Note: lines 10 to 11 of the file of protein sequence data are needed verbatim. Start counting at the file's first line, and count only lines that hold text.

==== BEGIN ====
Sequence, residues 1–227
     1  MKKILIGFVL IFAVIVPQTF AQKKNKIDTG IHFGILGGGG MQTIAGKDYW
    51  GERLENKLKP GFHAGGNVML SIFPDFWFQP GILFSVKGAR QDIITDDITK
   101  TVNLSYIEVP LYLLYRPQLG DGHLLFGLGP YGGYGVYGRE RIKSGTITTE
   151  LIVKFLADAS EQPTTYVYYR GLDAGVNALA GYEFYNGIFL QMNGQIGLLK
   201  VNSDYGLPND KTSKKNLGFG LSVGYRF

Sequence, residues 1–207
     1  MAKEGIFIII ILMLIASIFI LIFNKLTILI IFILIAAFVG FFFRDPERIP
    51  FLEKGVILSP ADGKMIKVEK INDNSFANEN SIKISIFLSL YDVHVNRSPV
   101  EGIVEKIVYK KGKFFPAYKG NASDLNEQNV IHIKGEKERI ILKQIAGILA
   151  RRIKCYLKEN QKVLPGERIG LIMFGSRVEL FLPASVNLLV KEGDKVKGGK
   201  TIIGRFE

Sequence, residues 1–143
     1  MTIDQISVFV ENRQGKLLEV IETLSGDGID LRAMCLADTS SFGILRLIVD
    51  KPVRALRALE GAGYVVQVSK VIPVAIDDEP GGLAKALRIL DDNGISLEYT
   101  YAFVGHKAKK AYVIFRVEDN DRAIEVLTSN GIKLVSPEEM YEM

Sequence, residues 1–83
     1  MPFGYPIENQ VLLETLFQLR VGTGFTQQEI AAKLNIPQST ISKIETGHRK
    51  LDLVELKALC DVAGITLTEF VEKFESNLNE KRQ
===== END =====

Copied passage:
   101  EGIVEKIVYK KGKFFPAYKG NASDLNEQNV IHIKGEKERI ILKQIAGILA
   151  RRIKCYLKEN QKVLPGERIG LIMFGSRVEL FLPASVNLLV KEGDKVKGGK